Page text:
We see the world as they do: rows of palm trees passing overhead from inside a convertible Porsche, nightclubs pulsing to the beat of the music, designer jewelry and clothing, pop music and drugs. To the group of Californian teenaged friends, it’s just another day in the life of the rich, not yet famous. But what if everything isn’t as it seems? What if that designer jewelry, the clothing, even the sports car…is stolen?
Sofia Coppola’s “The Bling Ring” tracks the rise and fall of a crew of vapid high schoolers driven by an obsession with fame to burglarize the homes of celebrities as wealthy and socially significant as Paris Hilton, amassing a haul of over $3 million of stolen goods over the course of a year.
Based on the 2010 “Vanity Fair” article “The Suspects Wore Louboutins,” the real-life group of teenagers was deemed the “Bling Ring” after word of their robberies spread in the news. The two kids at the center of the ring are the kleptomaniacal Rebecca (Katie Chang) and the troubled Marc (Israel Broussard). They begin by casually “checking cars” for unlocked doors after a party, but before long they have the idea to break into houses.
Making it a project distinctly from the Sofia Coppola camp is the requisite fuzzy, filmic cinematography that isolates the characters into their own private world – a tactic that has been heralded in Coppola’s previous projects including “Lost in Translation.” Lacking in this new feature is the emotional subtext that was handled so delicately in her past films. In “The Bling Ring,” Coppola outright refuses to offer any analysis of the characters – it’s strictly a surface level presentation of the story. And while the story is intriguing, the process of actually watching it unfold is grating.
Confidently acted by up-and-comers Katie Chang, Israel Broussard, and Claire Julien along with the more experienced Emma Watson and Leslie Mann, the performances are all believable. The problem is in the use – or misuse – of these characters.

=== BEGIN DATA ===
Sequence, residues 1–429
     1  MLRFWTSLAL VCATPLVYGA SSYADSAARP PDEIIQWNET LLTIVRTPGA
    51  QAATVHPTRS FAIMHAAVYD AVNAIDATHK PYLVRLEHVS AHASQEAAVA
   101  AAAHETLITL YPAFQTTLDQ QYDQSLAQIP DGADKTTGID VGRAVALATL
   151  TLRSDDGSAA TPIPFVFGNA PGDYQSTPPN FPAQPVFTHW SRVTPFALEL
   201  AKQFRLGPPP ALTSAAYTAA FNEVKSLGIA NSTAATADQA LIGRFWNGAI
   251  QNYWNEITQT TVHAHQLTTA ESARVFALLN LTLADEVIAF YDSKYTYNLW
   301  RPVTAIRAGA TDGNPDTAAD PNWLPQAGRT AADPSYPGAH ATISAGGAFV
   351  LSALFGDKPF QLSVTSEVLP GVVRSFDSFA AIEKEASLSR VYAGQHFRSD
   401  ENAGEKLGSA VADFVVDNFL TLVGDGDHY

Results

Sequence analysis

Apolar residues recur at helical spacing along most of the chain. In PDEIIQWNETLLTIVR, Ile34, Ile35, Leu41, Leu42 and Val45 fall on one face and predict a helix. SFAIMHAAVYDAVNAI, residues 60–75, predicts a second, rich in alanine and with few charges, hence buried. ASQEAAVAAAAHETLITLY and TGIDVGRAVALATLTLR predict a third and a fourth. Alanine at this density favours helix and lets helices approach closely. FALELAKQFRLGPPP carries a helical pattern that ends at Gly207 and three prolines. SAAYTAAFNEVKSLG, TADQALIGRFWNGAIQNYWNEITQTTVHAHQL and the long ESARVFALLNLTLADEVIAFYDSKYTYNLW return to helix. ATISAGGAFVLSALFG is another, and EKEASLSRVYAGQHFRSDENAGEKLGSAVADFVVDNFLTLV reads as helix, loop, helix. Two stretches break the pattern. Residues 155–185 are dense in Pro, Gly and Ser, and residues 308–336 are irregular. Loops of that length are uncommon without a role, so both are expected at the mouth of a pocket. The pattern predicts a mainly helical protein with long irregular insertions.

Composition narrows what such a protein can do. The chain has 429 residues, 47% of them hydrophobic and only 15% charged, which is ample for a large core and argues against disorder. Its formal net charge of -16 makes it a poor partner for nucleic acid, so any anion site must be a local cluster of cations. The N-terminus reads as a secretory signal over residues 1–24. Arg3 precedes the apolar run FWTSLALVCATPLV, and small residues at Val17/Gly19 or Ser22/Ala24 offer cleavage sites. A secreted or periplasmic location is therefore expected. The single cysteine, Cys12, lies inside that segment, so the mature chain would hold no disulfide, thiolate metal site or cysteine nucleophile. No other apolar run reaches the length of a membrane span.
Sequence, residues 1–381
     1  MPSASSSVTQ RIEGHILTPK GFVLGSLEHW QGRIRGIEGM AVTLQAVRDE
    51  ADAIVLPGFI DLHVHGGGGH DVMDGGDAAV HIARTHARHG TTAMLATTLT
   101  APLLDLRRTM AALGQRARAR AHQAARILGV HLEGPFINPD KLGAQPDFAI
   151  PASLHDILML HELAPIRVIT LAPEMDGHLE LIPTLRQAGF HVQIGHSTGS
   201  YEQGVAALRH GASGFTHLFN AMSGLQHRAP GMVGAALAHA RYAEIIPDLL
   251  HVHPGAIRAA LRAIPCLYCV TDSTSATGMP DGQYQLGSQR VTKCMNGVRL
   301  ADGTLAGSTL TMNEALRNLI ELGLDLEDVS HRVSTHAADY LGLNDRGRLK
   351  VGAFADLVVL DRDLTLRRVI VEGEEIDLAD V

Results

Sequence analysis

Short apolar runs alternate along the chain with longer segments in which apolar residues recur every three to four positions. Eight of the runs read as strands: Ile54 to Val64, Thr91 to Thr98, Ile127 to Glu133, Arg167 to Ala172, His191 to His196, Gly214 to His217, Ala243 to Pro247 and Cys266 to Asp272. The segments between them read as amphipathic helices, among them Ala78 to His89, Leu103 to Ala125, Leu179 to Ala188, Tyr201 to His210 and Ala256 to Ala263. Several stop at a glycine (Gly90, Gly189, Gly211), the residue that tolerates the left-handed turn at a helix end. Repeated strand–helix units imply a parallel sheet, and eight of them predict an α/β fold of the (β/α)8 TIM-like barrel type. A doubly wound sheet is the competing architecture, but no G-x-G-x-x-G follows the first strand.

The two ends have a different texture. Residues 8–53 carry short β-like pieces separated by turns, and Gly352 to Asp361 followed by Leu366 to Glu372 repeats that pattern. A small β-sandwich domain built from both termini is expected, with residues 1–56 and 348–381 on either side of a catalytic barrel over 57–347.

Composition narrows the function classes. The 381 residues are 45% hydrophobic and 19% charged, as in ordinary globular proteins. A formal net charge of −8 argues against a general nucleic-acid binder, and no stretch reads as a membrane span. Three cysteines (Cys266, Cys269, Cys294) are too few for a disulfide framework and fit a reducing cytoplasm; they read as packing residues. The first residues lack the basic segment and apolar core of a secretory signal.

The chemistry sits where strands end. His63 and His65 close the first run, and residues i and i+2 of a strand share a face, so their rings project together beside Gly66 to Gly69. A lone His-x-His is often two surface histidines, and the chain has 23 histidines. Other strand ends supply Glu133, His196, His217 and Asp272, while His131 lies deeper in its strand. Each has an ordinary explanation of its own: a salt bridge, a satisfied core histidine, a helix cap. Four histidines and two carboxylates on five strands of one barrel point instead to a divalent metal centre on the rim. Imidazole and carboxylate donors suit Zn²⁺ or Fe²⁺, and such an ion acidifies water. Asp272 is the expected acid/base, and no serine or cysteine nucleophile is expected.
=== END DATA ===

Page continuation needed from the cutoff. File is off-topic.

Over the course of the 90-minute film, we are subjected to a near endless repetition of party and robbery sequences. Party, robbery, party, robbery. Rinse and repeat. Spread throughout is the completely annoying dialogue between these characters – portraits of the contemporary American teenager dangerously obsessed with vanity. The film is aware of how irritating the characters are, but that acknowledgement doesn’t make it any less annoying to have to actually watch.
The majority of the narrative has the audience inserted into the bubble of these teens’ world, but in one spectacular moment the camera breaks outside of the bubble to take on an objective viewpoint. It is a wide shot of the home of “The Hills” star Audrina Patrdige – targeted by Rebecca and Marc. Up until this point, the robbery scenes have taken us in the house with the Bling Ring as they explore, wide-eyed, the mansions of the famous and playfully rifle through their possessions – taking what they want. You’re almost able to forgive them on the basis of childhood troublemaking. In this moment, from this viewpoint, however, there is no party music, no smiling laughing faces. Only this single exterior shot of the home as we witness, through the windows, the duo break in, steal another’s possessions, and leave. Their actions reveal them for what they truly are, what they have become: criminals.
Moments thick with substance like this are all too lacking in the film – made all the worse by the fact that one or two actually do appear.
It goes without saying that much of the movie is spent waiting for the crew to get what is coming to them. As they continue to push the limits by taking more risks, it’s clear that they will eventually be caught. When it comes, it’s largely unsatisfying.
Fans of Sofia Coppola (many will see any film she makes, myself included) will likely be a little bit lost here. “The Bling Ring” requires a definite willingness from the audience to watch these characters in all of their idiotic, shallow glory that many simply will not be able to afford. It is an interesting story captured in the best way via the original written article, where you’re left only to imagine the character’s voices rather than be forced to hear them.
U.S. Wide Release: June 21st, 2013 | UK Wide Release: July 5th, 2013